The Healing Power of the Breath & Surrender Breathwork Practice

February 1, 2022

Breath is life. We can think of the breath as being like a thread or a chain that links and connects all the events of our life from the beginning to the end. The breath is always there every moment, moving by itself like a river.

Our breath changes with our moods – it’s short and shallow when we’re tense or angry, faster when we’re excited, slow and full when we’re happy, and almost disappearing when we’re afraid. It’s there with us all the time, and it can be used as a tool, like an anchor, to bring stability to the body and mind when we deliberately choose to become aware of it. We can tune into it at any moment during everyday life.

Mostly, we are not in touch with our breathing, it’s just there, forgotten. So, one of the first things we can do is to get more in touch with it. We can bring awareness to how our breath changes with our moods, our thoughts, our emotions. We don’t have to control the breath, just notice it and get to know it.

In essence, breathwork is breathing practiced with mindfulness. It’s that simple. Yet, breathing is easy to take for granted because it’s automatic. As simple as it sounds, adopting a breathwork practice helps us cultivate greater health in all aspects of our life, from relationships to work to stress to grief.

I came to breathwork somewhat naturally, through mindfulness meditation. I started mindfulness out of necessity when my health crashed 7 years ago. It was challenging, but I quickly started seeking the practices to help me find peace in the midst of the chaos of early diagnosis. In those tender first months of learning how to let myself feel what I was feeling without numbing out, I became more and more in touch with my breath. One of my favourite mindfulness practices was to simply tune in to where I felt the breath and then naming the breath in and out and noticing how the breath felt within my body. In the beginning, this was the only thing that helped my mind settle, even for just a few minutes. And it was in those minutes that I began to start the process of learning how to regulate my emotions and calm the stress response.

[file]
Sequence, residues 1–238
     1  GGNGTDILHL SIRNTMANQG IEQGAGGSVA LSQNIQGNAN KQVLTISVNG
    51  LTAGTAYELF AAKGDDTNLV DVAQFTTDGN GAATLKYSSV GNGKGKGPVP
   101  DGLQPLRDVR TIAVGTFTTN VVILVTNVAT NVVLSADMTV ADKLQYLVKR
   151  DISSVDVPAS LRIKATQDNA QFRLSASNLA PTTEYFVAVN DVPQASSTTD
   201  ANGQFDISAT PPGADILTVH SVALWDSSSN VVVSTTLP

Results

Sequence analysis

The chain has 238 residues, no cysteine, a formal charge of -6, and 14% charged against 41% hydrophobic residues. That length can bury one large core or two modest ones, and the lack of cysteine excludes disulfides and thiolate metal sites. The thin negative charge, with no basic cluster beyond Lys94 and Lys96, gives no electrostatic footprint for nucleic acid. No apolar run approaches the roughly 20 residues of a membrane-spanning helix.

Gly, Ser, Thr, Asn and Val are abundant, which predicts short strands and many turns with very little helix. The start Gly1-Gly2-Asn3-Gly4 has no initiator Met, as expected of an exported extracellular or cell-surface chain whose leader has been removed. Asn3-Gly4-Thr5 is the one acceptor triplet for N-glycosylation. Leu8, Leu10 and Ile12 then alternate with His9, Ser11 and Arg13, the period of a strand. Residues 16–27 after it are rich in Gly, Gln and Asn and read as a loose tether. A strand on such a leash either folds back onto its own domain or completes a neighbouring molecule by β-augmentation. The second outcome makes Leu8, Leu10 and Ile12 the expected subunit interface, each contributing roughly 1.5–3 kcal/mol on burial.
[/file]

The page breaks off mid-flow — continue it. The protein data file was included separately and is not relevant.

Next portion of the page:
Slowly and intuitively I began to develop a deeper practice of simply breathing and being with myself. And that’s when I truly began to accelerate my wellbeing by recognising that I had a powerful tool that could switch my body into a place of restoration and healing. A breath work practitioner once described the breath as a bit like a Swiss army knife – where there are different blades for different uses. Breath work takes you back to your natural baby’s breath – the most efficient way to breath – that’s a dynamic, effortless flow that brings you to a state of ease. Observing my breathing pattern and encouraging free flowing breath using the whole of the respiratory system, with a full, conscious and connected breath, I learned how to release restricted patterns, let unwanted or buried feelings go, and welcome in new energy and behaviour patterns.